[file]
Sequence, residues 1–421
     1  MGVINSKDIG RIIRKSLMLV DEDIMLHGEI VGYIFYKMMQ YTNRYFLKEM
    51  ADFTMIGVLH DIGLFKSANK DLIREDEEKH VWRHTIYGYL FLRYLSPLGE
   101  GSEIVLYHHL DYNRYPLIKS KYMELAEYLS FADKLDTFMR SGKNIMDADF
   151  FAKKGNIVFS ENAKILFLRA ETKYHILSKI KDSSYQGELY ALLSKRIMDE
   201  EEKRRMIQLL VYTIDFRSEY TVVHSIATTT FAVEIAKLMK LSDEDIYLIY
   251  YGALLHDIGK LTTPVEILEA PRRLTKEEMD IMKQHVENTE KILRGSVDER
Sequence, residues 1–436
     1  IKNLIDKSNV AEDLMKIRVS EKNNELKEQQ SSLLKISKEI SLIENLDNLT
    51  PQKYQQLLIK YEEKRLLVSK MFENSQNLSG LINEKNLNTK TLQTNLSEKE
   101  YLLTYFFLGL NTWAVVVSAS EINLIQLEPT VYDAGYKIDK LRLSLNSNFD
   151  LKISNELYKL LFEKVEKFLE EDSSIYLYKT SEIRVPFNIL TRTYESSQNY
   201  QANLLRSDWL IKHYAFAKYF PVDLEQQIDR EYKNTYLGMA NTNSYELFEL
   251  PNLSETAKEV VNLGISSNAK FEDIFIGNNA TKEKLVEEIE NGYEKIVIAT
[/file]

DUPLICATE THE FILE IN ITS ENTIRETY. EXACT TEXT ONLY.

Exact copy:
Sequence, residues 1–421
     1  MGVINSKDIG RIIRKSLMLV DEDIMLHGEI VGYIFYKMMQ YTNRYFLKEM
    51  ADFTMIGVLH DIGLFKSANK DLIREDEEKH VWRHTIYGYL FLRYLSPLGE
   101  GSEIVLYHHL DYNRYPLIKS KYMELAEYLS FADKLDTFMR SGKNIMDADF
   151  FAKKGNIVFS ENAKILFLRA ETKYHILSKI KDSSYQGELY ALLSKRIMDE
   201  EEKRRMIQLL VYTIDFRSEY TVVHSIATTT FAVEIAKLMK LSDEDIYLIY
   251  YGALLHDIGK LTTPVEILEA PRRLTKEEMD IMKQHVENTE KILRGSVDER
Sequence, residues 1–436
     1  IKNLIDKSNV AEDLMKIRVS EKNNELKEQQ SSLLKISKEI SLIENLDNLT
    51  PQKYQQLLIK YEEKRLLVSK MFENSQNLSG LINEKNLNTK TLQTNLSEKE
   101  YLLTYFFLGL NTWAVVVSAS EINLIQLEPT VYDAGYKIDK LRLSLNSNFD
   151  LKISNELYKL LFEKVEKFLE EDSSIYLYKT SEIRVPFNIL TRTYESSQNY
   201  QANLLRSDWL IKHYAFAKYF PVDLEQQIDR EYKNTYLGMA NTNSYELFEL
   251  PNLSETAKEV VNLGISSNAK FEDIFIGNNA TKEKLVEEIE NGYEKIVIAT